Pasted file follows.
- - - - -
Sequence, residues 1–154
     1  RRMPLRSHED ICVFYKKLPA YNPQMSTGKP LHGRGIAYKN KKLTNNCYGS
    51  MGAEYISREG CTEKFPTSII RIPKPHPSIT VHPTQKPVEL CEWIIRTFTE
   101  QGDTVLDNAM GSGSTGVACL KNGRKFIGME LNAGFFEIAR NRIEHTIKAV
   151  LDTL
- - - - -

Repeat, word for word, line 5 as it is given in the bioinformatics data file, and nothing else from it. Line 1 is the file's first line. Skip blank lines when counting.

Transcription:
   151  LDTL